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by Dr. C.H. Weaver M.D. updated 11/2022

Elacestrant is an oral selective estrogen receptor degrader on the horizon for treatment of estrogen-receptor positive metastatic breast cancer.

Metastatic breast cancer (MBC) remains the second leading cause of cancer death in women in the United States.1 The majority of breast cancers are estrogen receptor positive (ER+).2 The mainstay of treatment of ER+ breast cancers is endocrine therapy, which currently includes selective estrogen receptor modulators (SERMs), aromatase inhibitors (AIs), and the selective estrogen receptor degrader (SERD) Faslodex (fulvestrant). Endocrine therapy is recommended over chemotherapy for first-line treatment of ER+ MBC in most cases except in the rare setting of visceral crisis.

The initial or “first-line” treatment of metastatic ER+/HER2- breast cancer typically includes endocrine therapy combined with a CDK 4/6 inhibitor. Data from clinical trials suggests that Faslodex has more activity than AIs in breast cancers with ESR1 mutations, which are significantly more common in patients treated with AIs previously.3 Faslodex is currently the only FDA-approved SERD for the treatment of ER+/HER2- metastatic breast cancer with disease progression following endocrine therapy. It binds and alters the estrogen receptor leading to degradation of the receptor.4 Faslodex is thought to have incomplete ER blockade, suboptimal pharmacokinetic features and must be administered via intramuscular injection.5,6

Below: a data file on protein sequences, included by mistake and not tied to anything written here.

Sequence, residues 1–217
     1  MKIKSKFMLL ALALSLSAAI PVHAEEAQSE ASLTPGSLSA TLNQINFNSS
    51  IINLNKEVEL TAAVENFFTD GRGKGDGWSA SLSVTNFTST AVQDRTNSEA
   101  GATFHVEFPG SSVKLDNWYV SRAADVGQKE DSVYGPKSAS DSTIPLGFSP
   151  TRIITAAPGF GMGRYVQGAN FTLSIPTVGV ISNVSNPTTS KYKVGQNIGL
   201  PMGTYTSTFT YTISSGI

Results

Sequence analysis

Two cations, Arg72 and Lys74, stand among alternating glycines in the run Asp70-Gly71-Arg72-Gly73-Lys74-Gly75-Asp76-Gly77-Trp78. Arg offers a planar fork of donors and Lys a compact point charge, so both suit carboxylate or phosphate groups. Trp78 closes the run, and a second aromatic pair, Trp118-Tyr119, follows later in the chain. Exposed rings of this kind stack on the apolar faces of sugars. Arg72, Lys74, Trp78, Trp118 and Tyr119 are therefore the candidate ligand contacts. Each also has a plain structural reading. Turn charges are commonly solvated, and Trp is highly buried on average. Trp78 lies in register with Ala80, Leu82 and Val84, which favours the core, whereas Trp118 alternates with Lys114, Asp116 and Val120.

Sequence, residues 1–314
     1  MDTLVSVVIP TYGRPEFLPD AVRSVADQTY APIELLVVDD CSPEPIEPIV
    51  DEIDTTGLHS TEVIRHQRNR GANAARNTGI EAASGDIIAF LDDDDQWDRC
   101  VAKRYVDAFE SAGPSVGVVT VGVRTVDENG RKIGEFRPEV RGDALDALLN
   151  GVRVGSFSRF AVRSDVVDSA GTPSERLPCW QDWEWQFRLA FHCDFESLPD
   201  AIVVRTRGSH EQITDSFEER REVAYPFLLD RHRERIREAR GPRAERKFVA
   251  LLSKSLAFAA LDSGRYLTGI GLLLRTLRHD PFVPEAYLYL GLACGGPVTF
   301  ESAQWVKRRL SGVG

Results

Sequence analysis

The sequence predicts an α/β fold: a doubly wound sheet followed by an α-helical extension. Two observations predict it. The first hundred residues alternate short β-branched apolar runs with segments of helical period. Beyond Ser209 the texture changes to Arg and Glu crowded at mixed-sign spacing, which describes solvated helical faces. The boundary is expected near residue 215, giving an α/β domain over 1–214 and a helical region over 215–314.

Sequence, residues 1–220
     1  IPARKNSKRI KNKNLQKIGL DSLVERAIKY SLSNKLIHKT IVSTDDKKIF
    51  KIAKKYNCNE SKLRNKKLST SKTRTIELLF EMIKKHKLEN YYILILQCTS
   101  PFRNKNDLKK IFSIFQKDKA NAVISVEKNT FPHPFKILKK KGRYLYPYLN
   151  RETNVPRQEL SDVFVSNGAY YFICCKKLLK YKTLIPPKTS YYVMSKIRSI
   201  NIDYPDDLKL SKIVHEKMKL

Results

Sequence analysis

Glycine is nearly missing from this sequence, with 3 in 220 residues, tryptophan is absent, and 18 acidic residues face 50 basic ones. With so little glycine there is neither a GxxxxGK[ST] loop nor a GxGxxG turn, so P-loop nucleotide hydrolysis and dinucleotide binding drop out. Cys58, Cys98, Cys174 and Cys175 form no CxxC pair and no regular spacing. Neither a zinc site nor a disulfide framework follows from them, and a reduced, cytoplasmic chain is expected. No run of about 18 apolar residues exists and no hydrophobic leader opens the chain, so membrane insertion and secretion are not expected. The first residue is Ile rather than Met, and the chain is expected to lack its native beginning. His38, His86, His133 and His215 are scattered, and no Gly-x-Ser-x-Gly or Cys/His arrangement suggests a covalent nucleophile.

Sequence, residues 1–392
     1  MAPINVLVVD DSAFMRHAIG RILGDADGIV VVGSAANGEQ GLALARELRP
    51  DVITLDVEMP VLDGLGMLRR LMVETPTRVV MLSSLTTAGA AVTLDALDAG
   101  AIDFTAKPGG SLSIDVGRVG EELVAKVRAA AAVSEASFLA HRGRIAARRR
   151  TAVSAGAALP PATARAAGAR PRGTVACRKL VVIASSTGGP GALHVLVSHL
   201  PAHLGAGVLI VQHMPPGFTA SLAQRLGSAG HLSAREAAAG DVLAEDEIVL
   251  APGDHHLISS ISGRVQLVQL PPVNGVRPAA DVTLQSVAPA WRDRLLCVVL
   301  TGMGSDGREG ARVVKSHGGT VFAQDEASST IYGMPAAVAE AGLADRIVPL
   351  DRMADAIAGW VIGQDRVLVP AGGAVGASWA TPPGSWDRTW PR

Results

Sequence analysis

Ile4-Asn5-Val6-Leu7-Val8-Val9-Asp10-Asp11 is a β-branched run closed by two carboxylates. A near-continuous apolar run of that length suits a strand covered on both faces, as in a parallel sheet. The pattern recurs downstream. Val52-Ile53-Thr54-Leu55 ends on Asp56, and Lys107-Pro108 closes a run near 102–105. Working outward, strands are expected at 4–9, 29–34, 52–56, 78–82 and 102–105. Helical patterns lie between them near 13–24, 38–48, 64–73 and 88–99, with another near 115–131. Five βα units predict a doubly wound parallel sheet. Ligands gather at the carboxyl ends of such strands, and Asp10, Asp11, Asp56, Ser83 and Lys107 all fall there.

Elacestrant is an oral selective estrogen receptor degrader being developed for treatment of estrogen-receptor positive metastatic breast cancer. In a phase 1 clinical trial published in the Journal of Clinical Oncology, Elacestrant demonstrated single-agent activity, with an objective response rate of 19% and an acceptable safety profile, leading to the phase 3 EMERALD study.6 Several additional oral SERDs are also being developed.7

The EMERALD phase 3 trial

The results from the international Phase III EMERALD clinical trial were released at the 2021 San Antonio Breast Cancer Symposium by Dr. Aditya Bardia and colleagues.8 The trial included participants with ER+/HER2- MBC who had experienced progression on 1 or 2 prior lines of endocrine therapy for metastatic disease. All patients had received a prior CDK 4/6 inhibitor with endocrine therapy. Only 22% had received prior chemotherapy (up to one line). Patients were treated with Elecestrant 400mg daily or standard of care (SOC; investigator’s choice of endocrine therapy, including Faslodex or an aromatase inhibitor) and directly compared

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Elacestrant demonstrated a 30% improvement in survival duration without cancer progression and a 45% improvement in patients with mESR1 mutations. Overall, 22% of Elacestrant treated patients survived beyond 12 months after starting treatment compared to 9% of those treated with SOC. This was further improved in patients with the mESR1 mutation. Elacestrant was fairly well-tolerated with only 6% of patients discontinuing due to side effects. Gastrointestinal side effects including nausea, vomiting, decreased appetite, and constipation with the main concerns.